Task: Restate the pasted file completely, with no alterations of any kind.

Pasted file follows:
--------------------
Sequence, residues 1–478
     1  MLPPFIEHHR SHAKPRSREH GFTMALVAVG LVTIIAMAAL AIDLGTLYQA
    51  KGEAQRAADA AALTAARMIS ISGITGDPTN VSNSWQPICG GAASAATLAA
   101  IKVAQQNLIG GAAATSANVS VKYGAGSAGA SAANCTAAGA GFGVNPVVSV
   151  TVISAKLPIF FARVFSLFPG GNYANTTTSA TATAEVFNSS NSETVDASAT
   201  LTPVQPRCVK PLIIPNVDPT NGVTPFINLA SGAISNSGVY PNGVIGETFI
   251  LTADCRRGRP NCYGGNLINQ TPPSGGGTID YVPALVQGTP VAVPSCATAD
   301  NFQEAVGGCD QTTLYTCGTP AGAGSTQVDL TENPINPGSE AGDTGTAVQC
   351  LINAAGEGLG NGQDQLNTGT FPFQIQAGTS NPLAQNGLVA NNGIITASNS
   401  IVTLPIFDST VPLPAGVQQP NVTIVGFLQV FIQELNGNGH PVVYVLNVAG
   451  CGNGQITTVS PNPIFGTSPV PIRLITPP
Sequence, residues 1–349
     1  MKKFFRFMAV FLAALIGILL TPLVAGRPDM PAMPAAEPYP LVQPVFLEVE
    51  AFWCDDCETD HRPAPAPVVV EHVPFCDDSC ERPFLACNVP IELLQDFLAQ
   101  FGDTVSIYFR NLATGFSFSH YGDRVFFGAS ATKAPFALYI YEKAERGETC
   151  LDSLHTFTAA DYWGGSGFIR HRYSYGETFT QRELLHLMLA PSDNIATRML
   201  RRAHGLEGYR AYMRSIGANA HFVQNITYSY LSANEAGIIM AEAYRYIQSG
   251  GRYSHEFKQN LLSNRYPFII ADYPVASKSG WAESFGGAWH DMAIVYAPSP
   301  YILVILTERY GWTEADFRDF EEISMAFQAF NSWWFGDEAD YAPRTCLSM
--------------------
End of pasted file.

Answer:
Sequence, residues 1–478
     1  MLPPFIEHHR SHAKPRSREH GFTMALVAVG LVTIIAMAAL AIDLGTLYQA
    51  KGEAQRAADA AALTAARMIS ISGITGDPTN VSNSWQPICG GAASAATLAA
   101  IKVAQQNLIG GAAATSANVS VKYGAGSAGA SAANCTAAGA GFGVNPVVSV
   151  TVISAKLPIF FARVFSLFPG GNYANTTTSA TATAEVFNSS NSETVDASAT
   201  LTPVQPRCVK PLIIPNVDPT NGVTPFINLA SGAISNSGVY PNGVIGETFI
   251  LTADCRRGRP NCYGGNLINQ TPPSGGGTID YVPALVQGTP VAVPSCATAD
   301  NFQEAVGGCD QTTLYTCGTP AGAGSTQVDL TENPINPGSE AGDTGTAVQC
   351  LINAAGEGLG NGQDQLNTGT FPFQIQAGTS NPLAQNGLVA NNGIITASNS
   401  IVTLPIFDST VPLPAGVQQP NVTIVGFLQV FIQELNGNGH PVVYVLNVAG
   451  CGNGQITTVS PNPIFGTSPV PIRLITPP
Sequence, residues 1–349
     1  MKKFFRFMAV FLAALIGILL TPLVAGRPDM PAMPAAEPYP LVQPVFLEVE
    51  AFWCDDCETD HRPAPAPVVV EHVPFCDDSC ERPFLACNVP IELLQDFLAQ
   101  FGDTVSIYFR NLATGFSFSH YGDRVFFGAS ATKAPFALYI YEKAERGETC
   151  LDSLHTFTAA DYWGGSGFIR HRYSYGETFT QRELLHLMLA PSDNIATRML
   201  RRAHGLEGYR AYMRSIGANA HFVQNITYSY LSANEAGIIM AEAYRYIQSG
   251  GRYSHEFKQN LLSNRYPFII ADYPVASKSG WAESFGGAWH DMAIVYAPSP
   301  YILVILTERY GWTEADFRDF EEISMAFQAF NSWWFGDEAD YAPRTCLSM